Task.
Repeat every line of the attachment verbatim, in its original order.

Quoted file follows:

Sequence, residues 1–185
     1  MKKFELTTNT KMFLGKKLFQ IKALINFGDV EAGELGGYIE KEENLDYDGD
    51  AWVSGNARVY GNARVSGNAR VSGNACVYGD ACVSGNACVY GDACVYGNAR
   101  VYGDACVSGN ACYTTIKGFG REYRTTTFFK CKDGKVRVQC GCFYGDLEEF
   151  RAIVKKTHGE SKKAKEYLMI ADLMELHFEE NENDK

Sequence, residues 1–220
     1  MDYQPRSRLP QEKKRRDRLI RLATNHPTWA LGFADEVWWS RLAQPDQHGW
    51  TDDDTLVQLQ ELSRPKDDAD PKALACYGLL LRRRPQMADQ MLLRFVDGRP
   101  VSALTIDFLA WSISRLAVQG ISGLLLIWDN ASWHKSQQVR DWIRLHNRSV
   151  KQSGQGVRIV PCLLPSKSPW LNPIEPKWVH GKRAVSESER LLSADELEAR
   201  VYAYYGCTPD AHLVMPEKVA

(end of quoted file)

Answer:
Sequence, residues 1–185
     1  MKKFELTTNT KMFLGKKLFQ IKALINFGDV EAGELGGYIE KEENLDYDGD
    51  AWVSGNARVY GNARVSGNAR VSGNACVYGD ACVSGNACVY GDACVYGNAR
   101  VYGDACVSGN ACYTTIKGFG REYRTTTFFK CKDGKVRVQC GCFYGDLEEF
   151  RAIVKKTHGE SKKAKEYLMI ADLMELHFEE NENDK

Sequence, residues 1–220
     1  MDYQPRSRLP QEKKRRDRLI RLATNHPTWA LGFADEVWWS RLAQPDQHGW
    51  TDDDTLVQLQ ELSRPKDDAD PKALACYGLL LRRRPQMADQ MLLRFVDGRP
   101  VSALTIDFLA WSISRLAVQG ISGLLLIWDN ASWHKSQQVR DWIRLHNRSV
   151  KQSGQGVRIV PCLLPSKSPW LNPIEPKWVH GKRAVSESER LLSADELEAR
   201  VYAYYGCTPD AHLVMPEKVA